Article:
US Open Promises Fitting End to Rambunctious Season
When at Wimbledon, do as the Brits do, quietly. When at the French Open, be chic. But when at the US Open, you can have a wild and crazy time.Skip to next paragraph
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As play opens today at the New York tournament that punctuates the close of the tennis season by deciding once and for all who are the best in the world, players are most likely anticipating more - of everything. More heat and humidity, more fans, more noise, more media attention, and more money.
"Every single year there's somebody trying to prove something, and the Open is a big decider," says Mary Carillo, a former player now broadcasting tennis events for CBS TV. "It settled things last year when Pete [Sampras] beat Andre [Agassi] and when Monica [Seles]" announced she was back by taking Steffi Graf to three sets in the final, she adds.
Combine those players trying to make history with New York dynamics and you have two combustible weeks of tennis.
The New York City backdrop pits new-world metropolitan chutzpah against the old-world charm of the other grand slams - starched and polished Wimbledon, the elegant French Open, and the casual, laid-back Australian Open.
"It's one of a kind," says Argentine Guillermo Vilas, who beat Jimmy Connors in the 1977 Open. Vilas says the crowd has a special "communion" with the players unlike any other tournament."When I won, people went to the court and lifted me in their arms and carried me around the court. That's the only time that happened in my career," he says.
American players, for their part, seem to thrive on the raucous clamor of the 20,000 fans who attend the big matches. Witness the crowd-pleasing play (and antics) of Jimmy Connors and John McEnroe. Or the quieter but not less appreciated championship play of Chris Evert and Tracy Austin.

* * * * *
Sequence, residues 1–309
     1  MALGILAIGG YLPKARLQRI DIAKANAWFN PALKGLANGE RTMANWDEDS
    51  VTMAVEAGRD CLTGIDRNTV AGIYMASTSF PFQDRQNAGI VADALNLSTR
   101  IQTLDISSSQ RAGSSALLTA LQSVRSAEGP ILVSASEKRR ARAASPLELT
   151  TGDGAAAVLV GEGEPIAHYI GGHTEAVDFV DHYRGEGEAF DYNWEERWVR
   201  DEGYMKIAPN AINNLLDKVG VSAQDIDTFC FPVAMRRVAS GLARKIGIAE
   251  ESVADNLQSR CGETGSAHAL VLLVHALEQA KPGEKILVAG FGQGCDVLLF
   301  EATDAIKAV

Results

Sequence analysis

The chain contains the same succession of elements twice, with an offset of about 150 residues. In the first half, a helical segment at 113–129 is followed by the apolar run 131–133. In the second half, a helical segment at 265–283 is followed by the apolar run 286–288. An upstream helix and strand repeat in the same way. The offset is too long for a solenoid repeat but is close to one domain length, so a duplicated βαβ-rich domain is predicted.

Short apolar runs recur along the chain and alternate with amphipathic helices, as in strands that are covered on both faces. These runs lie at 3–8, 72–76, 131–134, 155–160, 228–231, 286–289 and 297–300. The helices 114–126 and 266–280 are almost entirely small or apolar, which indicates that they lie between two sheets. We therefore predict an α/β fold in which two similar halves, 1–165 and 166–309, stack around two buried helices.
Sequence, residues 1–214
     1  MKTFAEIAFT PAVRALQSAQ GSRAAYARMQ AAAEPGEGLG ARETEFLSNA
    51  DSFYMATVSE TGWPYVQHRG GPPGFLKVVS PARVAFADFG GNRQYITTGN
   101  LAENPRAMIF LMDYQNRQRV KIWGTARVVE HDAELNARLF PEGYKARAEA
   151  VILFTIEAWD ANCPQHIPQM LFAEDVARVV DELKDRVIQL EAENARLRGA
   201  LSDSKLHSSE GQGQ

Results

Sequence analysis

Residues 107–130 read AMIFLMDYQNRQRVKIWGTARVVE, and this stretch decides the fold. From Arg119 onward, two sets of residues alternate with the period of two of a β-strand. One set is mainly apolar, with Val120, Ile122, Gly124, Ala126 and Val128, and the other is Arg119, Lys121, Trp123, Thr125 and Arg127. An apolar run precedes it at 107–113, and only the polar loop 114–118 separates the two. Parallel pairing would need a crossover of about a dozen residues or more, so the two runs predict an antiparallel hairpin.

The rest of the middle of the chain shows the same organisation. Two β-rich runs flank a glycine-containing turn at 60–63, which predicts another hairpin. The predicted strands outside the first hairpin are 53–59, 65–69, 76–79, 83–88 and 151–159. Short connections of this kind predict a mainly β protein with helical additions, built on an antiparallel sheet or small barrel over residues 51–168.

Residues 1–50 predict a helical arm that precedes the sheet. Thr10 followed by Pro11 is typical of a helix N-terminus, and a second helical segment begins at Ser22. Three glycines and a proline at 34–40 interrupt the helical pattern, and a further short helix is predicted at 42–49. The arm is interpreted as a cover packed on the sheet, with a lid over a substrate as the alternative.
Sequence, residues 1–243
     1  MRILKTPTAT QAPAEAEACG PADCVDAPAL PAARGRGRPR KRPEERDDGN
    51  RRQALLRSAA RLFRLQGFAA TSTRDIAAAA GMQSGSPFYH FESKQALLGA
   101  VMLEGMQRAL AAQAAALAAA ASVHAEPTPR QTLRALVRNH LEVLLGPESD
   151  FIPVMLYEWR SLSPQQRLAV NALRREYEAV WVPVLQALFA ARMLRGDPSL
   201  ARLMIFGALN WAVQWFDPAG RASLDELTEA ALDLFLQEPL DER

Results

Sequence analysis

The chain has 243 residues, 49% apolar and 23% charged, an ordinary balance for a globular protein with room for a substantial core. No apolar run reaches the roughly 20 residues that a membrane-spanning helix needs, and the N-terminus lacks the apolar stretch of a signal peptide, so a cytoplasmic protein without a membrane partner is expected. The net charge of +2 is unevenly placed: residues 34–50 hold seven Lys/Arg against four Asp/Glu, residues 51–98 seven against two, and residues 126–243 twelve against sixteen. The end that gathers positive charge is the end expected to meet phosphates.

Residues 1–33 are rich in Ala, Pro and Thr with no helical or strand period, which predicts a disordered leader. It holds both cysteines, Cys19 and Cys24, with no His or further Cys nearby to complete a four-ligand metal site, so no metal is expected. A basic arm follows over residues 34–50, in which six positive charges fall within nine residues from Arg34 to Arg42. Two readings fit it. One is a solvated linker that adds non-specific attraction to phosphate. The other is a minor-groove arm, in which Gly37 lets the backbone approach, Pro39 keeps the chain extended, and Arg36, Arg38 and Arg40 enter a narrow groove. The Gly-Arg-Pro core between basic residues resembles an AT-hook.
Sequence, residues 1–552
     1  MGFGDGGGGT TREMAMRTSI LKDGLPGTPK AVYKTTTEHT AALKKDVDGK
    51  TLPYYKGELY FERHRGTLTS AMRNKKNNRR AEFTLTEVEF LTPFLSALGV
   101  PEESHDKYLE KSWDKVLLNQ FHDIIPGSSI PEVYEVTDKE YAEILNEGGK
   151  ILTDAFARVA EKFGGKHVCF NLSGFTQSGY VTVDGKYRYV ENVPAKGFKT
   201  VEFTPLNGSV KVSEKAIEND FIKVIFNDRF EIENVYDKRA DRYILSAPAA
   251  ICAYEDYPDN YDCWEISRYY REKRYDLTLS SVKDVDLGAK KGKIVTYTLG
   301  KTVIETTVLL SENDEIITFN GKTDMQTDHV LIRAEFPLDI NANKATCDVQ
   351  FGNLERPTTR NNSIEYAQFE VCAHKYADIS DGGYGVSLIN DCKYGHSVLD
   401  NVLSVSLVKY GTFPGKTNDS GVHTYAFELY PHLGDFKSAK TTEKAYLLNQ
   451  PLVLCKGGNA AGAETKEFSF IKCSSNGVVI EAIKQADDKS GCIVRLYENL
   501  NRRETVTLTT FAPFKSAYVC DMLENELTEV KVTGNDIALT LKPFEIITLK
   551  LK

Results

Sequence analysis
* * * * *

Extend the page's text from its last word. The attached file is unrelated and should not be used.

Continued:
Connors's aggressive play and caustic comments had the crowds at Forest Hills (former site of the Open) and Flushing Meadows booing him off the courts in the late '70s, but those same fans cheered him on to crowd-pleasing moments and matches in 1991. (He played a four-hour, 35-minute match that lasted until 1:30 a.m. on his 39th birthday, defeating Patrick McEnroe 4-6, 6-7, 6-4, 6-2, 6-4 in the first round, and went on to play in the semis.)
Where else in the world, Vilas asks, would you have a crowd that turned against its own - Connors - when he was "behaving like a bad boy" in the 1977 Open. But after Connors changed his ways, the crowd "forgave him right away and made the [US Open] his favorite home," adds Vilas, who now plays the Nuveen Tour that stages 14 events around the world for players over 35.
The newer New York fans go wild for Andre Agassi and Monica Seles, who returned to tennis last year after a two-year absence because she was stabbed in the back at a match in Germany by a fan of Steffi Graf's. When either Agassi or Seles entered the Stadium or adjoining Grandstand courts last year, the noise level was beyond bearable. Dozens of photographers lined up at the net awaiting their arrival, compared with a handful for the other stars.
That crowd also has warmed over the years to the more reserved Pete Sampras, the No. 1 seed who now has three US Open titles and wants badly to make it four in order to salvage an otherwise dismal year on the tour.
But if the US Open follows the pattern of this year's other grand slam events - on the male side of the draw at least - anything can happen.
The three previous grand slams have seen six different, and often surprising finalists. Boris Becker, who is struggling to make a comeback, had a dramatic resurgence and upended Michael Chang at the Australian Open. Two unseeded players - Yevgeny Kafelnikov and Michael Stich - met in the French Open final, with Kafelnikov claiming the big check. And after many top seeds tumbled during early rounds at Wimbledon, Richard Krajicek, the first man from the Netherlands to win a grand slam title, bested America's MaliVai Washington on Centre Court. Washington, inspired by Arthur Ashe, was only the second black man to play in the Wimbledon final.
This year's US Open draw didn't follow the ATP tour rankings. After some players threatened to boycott, tournament officials for the first time redrew the draw, changing some of the matches but not the seeds. Agassi, for example, is ranked No. 8 in the world, but is seeded No. 6 for the Open. Michael Chang is ranked No. 3 behind Thomas Muster, but seeded No. 2. Yevgeny Kafelnikov, ranked No. 4, is seeded No. 7. It opens up the draw so all the star players - especially Agassi - have a better chance of making it to the semifinals. It also opens the possibility of an Agassi-Sampras final.